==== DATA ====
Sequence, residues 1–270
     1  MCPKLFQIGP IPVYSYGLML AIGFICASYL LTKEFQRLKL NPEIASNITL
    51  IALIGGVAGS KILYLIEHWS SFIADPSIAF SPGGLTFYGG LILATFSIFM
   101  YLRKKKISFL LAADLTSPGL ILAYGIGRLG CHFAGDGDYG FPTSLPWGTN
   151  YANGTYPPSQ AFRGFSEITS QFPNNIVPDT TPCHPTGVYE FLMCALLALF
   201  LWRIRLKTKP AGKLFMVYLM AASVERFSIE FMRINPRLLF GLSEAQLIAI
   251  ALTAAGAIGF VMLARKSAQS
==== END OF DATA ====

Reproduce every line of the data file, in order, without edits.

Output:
Sequence, residues 1–270
     1  MCPKLFQIGP IPVYSYGLML AIGFICASYL LTKEFQRLKL NPEIASNITL
    51  IALIGGVAGS KILYLIEHWS SFIADPSIAF SPGGLTFYGG LILATFSIFM
   101  YLRKKKISFL LAADLTSPGL ILAYGIGRLG CHFAGDGDYG FPTSLPWGTN
   151  YANGTYPPSQ AFRGFSEITS QFPNNIVPDT TPCHPTGVYE FLMCALLALF
   201  LWRIRLKTKP AGKLFMVYLM AASVERFSIE FMRINPRLLF GLSEAQLIAI
   251  ALTAAGAIGF VMLARKSAQS